–from “Carly’s Hippie Mofo Shit: Mixtape Revisited”
“It’s really hard for people to get too big for their britches in this city,” Chandra said, in one of very few recorded interviews I’ve ever found from her. Truth. I spent my childhood in between rural Manitoba and the Winnipeg that Chandra writes about, at about the 90s-ish time All The Pretty Girls takes place. I found a copy of the book in Montreal, of all places, in a used English bookstore in 2013, days before going in for bottom surgery, in mid-October when fall was turning cold. I read it all the next week, drugged and bleeding in the care clinic, shuffling between bed and the kitchen area. The clinic was beside a river and the sky was mostly grey.
My mother wasn’t like Chandra’s women (my father kind of was), but the beauty and lack of pretension and murkiness and overwhelming pathos of All The Pretty Girls reminded me of my own poor and depressed childhood in that cold unrelenting city more than anything else ever has, and for those two equal reasons I cried and felt balmed, as I have on every read since. And that is all there is.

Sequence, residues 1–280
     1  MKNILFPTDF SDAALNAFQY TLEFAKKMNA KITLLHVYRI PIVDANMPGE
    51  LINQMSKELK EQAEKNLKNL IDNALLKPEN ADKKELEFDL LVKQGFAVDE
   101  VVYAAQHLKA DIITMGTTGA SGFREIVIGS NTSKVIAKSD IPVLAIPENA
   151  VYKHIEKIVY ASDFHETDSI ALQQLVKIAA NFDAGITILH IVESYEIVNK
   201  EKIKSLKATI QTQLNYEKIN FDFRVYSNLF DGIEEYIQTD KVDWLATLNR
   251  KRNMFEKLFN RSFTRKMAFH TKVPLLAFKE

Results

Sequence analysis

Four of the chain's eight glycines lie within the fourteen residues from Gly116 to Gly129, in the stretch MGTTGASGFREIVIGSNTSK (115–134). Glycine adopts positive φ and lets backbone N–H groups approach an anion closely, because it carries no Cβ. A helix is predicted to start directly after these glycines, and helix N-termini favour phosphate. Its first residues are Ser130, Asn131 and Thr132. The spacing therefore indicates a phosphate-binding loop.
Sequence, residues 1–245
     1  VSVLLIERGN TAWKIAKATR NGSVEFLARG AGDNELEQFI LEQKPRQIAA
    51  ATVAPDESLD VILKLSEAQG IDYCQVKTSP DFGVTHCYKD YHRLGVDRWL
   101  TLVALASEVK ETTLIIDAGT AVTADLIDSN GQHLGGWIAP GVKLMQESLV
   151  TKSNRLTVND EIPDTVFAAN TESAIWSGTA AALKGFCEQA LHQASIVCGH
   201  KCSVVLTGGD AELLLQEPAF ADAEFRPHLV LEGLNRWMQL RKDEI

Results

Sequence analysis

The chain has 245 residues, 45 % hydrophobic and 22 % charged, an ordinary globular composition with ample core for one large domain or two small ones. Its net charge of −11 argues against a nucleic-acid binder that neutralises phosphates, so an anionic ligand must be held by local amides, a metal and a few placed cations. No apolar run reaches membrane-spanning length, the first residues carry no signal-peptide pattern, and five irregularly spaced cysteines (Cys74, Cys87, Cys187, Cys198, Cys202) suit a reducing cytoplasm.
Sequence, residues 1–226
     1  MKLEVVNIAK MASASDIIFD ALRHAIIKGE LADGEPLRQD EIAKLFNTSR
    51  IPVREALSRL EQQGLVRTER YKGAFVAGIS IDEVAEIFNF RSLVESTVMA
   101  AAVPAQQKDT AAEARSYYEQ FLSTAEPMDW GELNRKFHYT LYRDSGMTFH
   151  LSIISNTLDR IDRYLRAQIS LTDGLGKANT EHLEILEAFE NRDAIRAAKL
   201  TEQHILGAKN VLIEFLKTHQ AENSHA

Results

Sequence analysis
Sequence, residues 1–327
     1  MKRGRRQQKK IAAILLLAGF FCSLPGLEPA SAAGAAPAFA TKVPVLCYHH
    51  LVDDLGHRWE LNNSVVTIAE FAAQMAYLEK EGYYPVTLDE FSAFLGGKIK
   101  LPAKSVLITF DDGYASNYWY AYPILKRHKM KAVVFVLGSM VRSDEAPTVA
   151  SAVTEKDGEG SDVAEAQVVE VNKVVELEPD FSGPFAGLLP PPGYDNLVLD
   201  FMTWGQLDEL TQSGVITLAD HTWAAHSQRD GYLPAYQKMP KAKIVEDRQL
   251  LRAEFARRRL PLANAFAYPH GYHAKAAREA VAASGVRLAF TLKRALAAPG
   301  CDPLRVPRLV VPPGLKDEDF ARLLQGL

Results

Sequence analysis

I went to the park, sat in the sticky thrumming green grass with the kids and the moms and buzzing crawling insects. I waited until I saw Mark take off down the street to the Albert, hours later. I went up to the apartment, changed my clothes, stuffed a bunch of apples in my canvas bag, and went back to the park, the far side where I usually didn’t sit. My hands clenched my skirt and left wrinkled sweat stains on the yellow silk. I was back in my own clothes, fabric made from kisses and flicks of the tongue, tiny frayed straps that skimmed my shoulders, the camisole falling around my body like broken butterfly wings. I smoked cigarettes and stared at the blue sky until my mind was blank, reptilian, thick and clotted with knots and blood and breath that didn’t move all the way through. I heard a kid that might have been Sky, with some guy that might have been Don, but I didn’t bother looking, just curled myself tighter against the ridges of a thick scarred tree. I sat there all night, watching the streetlights, wishing for stars.
–from “A Boy With Pink Lipstick”
Casey Plett wrote the short story collection A Safe Girl To Love and wrote a column on transitioning for McSweeney’s Internet Tendency. She has written for Rookie, The Walrus, The New York Times ArtsBeat, and other publications. Twitter @caseyplett.